Skip to content
Join our Newsletter

Jack Knox: A waiting game in Nanaimo-Ladysmith as candidates decompress

Lisa Marie Barron is both excited and apprehensive. “We’re just sitting on the edge of our seats, waiting for the results,” she says. How much sleep did she get on election night? “Maybe an hour’s worth.
Voting station sign outside Cloverdale school in Saanich. Elections Canada says it could be several days before all the ballots are counted in some ridings. TIMES COLONIST

Lisa Marie Barron is both excited and apprehensive. “We’re just sitting on the edge of our seats, waiting for the results,” she says. How much sleep did she get on election night? “Maybe an hour’s worth.”

Like Barron, Conservative Tamara Kronis spent part of Tuesday cleaning her campaign office. “Cleaning is a good way to pass the time,” Kronis says.

What else can you do when the election campaign is over but the winner has yet to be declared?

If Tuesday was the day most federal election candidates finally got to gear down, to pull the figurative fork out of the light socket for the first time in 36 days, such wasn’t necessarily the case in Nanaimo-Ladysmith, where the outcome remains in doubt.

New Democrat Barron ended election night with 18,020 votes. Conservative Kronis was second with 17,031 and Green incumbent Paul Manly third with 15,286.

No winner could be declared, though, as still to be tallied are several thousand “special” ballots — mostly mail-in votes — that cannot be counted until Elections Canada verifies their legitimacy. Counting will begin (and, if all goes well, end) on Friday.

Manly wasn’t available ­Tuesday, though late on election night he put out a statement all but conceding that he would not be returned to office. “Even with 8,000 special ballots remaining to be counted on Friday, the current margin will be hard to ­overcome.”

The Greens had a tough time all over Vancouver Island. The numbers will change once all the mail-in votes are counted, but as it stands, their share of the popular vote in the Island’s seven ridings plunged from 27 per cent in 2019 to just over 14 per cent on Monday.

Even icon Elizabeth May saw her share drop from 49 to 37. In Victoria, where the Greens were just three per cent behind winning New Democrat Laurel Collins in 2019, their number sank from 30 per cent to 11.5.

New Democrats, on the other hand, hope to go from five seats to six on the Island.

But win or lose, there were still chores to perform Tuesday. “There’s an awful lot to do, even the day after,” said Lia Versaevel, the Green candidate in Cowichan-Malahat-Langford. After representing the B.C. Greens in two provincial elections and running in a regional district race, she knows the drill: Thank volunteers and supporters, call the other candidates to congratulate/commiserate, break down the campaign office.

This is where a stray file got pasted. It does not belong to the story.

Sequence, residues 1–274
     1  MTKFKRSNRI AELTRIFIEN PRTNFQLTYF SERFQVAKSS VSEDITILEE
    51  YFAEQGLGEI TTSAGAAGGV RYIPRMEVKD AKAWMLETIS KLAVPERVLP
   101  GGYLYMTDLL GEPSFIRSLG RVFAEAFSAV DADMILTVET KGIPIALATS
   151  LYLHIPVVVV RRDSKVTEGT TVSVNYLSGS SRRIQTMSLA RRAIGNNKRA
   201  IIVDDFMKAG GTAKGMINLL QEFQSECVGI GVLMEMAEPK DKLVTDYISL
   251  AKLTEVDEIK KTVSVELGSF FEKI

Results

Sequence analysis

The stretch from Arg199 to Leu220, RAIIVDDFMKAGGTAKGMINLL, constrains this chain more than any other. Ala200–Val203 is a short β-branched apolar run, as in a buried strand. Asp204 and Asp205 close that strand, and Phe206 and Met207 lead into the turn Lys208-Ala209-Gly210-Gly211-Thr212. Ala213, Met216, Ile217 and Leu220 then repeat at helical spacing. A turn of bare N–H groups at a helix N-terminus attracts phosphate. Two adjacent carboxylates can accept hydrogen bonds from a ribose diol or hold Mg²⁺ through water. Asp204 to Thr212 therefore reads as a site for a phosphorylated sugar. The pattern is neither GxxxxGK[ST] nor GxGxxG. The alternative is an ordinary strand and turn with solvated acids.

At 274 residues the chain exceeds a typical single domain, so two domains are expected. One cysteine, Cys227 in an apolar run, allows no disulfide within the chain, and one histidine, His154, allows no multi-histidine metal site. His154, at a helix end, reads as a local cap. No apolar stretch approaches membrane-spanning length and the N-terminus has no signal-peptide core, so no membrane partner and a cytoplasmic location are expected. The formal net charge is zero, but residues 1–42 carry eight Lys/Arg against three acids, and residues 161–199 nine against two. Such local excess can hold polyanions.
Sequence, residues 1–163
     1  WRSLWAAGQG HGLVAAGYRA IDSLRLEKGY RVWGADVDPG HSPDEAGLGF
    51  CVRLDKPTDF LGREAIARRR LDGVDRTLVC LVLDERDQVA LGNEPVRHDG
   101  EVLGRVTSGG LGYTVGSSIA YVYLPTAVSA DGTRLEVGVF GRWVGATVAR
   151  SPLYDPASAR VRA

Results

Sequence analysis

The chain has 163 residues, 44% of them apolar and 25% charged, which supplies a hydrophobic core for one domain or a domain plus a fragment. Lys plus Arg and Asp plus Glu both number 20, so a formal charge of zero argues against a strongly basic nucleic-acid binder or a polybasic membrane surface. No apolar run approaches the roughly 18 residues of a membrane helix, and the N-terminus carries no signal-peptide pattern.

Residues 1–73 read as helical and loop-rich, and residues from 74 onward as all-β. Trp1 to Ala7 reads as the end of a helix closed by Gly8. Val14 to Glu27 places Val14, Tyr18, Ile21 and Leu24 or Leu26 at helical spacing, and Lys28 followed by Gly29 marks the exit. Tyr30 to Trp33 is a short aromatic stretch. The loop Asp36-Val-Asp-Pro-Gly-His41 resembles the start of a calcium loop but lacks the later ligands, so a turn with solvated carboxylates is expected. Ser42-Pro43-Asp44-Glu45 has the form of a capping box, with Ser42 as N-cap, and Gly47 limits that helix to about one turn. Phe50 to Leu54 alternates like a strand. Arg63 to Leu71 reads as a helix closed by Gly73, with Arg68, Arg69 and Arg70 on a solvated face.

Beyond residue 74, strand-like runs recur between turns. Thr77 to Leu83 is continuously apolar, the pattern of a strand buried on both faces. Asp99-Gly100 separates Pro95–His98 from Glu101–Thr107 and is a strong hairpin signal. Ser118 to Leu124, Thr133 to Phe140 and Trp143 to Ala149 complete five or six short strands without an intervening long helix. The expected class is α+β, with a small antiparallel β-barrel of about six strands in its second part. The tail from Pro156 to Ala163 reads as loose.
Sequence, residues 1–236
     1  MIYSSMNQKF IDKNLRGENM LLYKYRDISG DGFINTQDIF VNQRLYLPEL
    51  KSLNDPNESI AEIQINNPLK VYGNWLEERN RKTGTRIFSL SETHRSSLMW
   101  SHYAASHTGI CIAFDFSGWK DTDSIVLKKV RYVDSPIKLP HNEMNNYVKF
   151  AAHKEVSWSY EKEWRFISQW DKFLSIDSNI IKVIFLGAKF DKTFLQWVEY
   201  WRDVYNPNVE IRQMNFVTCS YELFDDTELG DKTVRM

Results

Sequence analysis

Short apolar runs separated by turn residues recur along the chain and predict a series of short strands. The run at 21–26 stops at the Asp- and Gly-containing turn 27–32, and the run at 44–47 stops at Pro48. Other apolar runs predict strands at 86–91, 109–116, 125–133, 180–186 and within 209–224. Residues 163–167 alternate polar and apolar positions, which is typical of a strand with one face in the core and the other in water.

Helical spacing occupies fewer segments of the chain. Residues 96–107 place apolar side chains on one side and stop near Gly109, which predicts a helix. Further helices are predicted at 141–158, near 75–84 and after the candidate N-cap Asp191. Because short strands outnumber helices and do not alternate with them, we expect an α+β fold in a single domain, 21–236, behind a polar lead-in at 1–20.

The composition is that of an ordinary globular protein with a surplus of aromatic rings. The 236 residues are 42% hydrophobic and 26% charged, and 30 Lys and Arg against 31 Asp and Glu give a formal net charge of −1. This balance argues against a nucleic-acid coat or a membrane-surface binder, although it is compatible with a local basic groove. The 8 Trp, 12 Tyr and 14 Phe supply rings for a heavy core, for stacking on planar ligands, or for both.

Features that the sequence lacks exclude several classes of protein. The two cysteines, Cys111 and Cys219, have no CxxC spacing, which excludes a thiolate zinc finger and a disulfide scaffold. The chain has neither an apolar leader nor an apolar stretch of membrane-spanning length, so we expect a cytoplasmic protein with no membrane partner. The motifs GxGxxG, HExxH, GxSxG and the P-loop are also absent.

But yeah, it’s important to decompress, too. “You have to catch your breath and say: ‘I can feel my adrenaline slowing down.’ ”

Candidates do that in different ways. “I’m cleaning my shed,” said Sabina Singh, the Saanich-Gulf Islands New Democrat who boosted her share of the vote from 2019 while criss-crossing the riding in a ‘72 Volkswagen van. “I’m enjoying being home.”

Up in Port McNeill, ­Conservative Shelley Downey spent the day picking up signs. “When the campaign is over, when the election is done, it takes a bit of an adjustment to change gears,” she said. After 36 days of people, platforms and policy, collecting signs is one of those things that lets you be alone with your thoughts.

Downey’s North Island-Powell River riding is another one in which there’s at least a mathematical chance of the finishing order being altered. Downey, a Port McNeill municipal councillor, ended Monday night trailing New Democrat incumbent Rachel Blaney 20,472 votes to 19,125. There were also 9,137 special ballots issued; the ones that were returned will be verified and counted this week.

It’s not just the candidates who need to wind down. On Tuesday morning, volunteers systematically broke down Victoria Liberal Nikki Macdonald’s Oak Bay Avenue campaign office.

Three teams retrieved campaign signs from around the riding. (Some signs could be used again, but a high number were vandalized, something experienced by Liberals in other ridings, too.) There were phone lines to disconnect, papers to shred, colour-coded which-party-is-strong-where wall maps to roll up for next time. By tonight, it will be hard to know they were ever there at all.

In Nanaimo, though, the election still isn’t over, even if the campaign is. That brings its own combination of peace and ­uncertainty. “It has been quite a mellow day,” Kronis said Tuesday. Not much you can do but wait.

[email protected]